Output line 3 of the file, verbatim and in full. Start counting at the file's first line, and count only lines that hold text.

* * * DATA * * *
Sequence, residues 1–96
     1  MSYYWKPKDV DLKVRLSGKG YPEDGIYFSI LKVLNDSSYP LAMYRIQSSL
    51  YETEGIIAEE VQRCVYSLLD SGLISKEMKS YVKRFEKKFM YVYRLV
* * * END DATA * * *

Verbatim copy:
    51  YETEGIIAEE VQRCVYSLLD SGLISKEMKS YVKRFEKKFM YVYRLV